What children need to know about reading and writing before they can read or write is called early literacy.
As your child’s caregiver, you are their first teacher. The greatest amount of brain growth occurs between birth and age five, a time your child spends with you. By age three, 85% of the brain’s core structure is formed. As a child ages, the brain gets rid of weaker synaptic connections in favor of stronger ones. We can improve the strength of synaptic connections with experiences that reinforce learning that has already occurred.
In our Building Blocks to Early Literacy series, we will share early literacy tips for you to do at home to help your child get ready to learn to read.
Today’s Early Literacy Tip is: Talk to your child during Playtime.
Playtime is very important to your child’s early literacy, in fact it is one of the tenets of the Every Child Ready to Read program. But, just because your child is playing doesn’t mean they can’t be learning as well. As long as learning is fun, even that can be considered playtime.
Talking to your child playtime keeps them engaged and, more importantly, helps build their vocabulary. The more words your child hears, the better their vocabulary will be. This will help them down the road when they start to read because it is easier for them to sound out a word they are familiar with rather than one they aren’t.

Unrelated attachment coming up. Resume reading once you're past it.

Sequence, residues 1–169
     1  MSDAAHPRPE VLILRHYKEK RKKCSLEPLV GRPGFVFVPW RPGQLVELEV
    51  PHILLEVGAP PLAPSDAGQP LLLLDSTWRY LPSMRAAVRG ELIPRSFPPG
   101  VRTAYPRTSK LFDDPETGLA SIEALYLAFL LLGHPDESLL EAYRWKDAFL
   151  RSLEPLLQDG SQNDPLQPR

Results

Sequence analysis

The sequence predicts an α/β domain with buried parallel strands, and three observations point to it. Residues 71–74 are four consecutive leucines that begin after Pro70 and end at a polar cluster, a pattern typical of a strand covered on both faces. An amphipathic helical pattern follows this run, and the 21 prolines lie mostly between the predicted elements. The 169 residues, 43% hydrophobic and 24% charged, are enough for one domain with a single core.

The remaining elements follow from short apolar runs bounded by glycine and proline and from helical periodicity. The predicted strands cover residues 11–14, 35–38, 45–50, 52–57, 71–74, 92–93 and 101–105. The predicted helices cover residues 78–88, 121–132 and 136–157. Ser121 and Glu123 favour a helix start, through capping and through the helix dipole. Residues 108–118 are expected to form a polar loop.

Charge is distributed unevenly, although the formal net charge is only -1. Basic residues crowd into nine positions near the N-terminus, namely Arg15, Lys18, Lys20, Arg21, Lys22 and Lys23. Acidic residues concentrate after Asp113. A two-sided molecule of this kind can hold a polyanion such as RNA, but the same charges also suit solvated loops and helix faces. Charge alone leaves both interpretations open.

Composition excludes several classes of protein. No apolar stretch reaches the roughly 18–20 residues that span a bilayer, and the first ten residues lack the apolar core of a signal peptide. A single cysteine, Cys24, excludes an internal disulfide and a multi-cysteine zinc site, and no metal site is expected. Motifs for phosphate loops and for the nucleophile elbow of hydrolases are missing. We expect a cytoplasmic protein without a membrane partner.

A great way to incorporate this is to talk to your child about their toys while they are playing with them or during clean-up. Have them name and describe their toys, and what they did with them while playing. This can also be helpful with their narrative skills, but that is a lesson for another day. Just make sure and keep the conversation simple and fun.
You can also do this during reading time, and the I Spy books are an excellent tool for this since many of them have toys as objects for your child to seek out. I Spy books come in all reading levels from picture books to Early Readers so you’re sure to be able to find one for your child. This is a great activity for you to do together.
It’s great to talk to your child any time but talking to them during playtime can be a great experience for you both and is a surefire way to get them ready to read.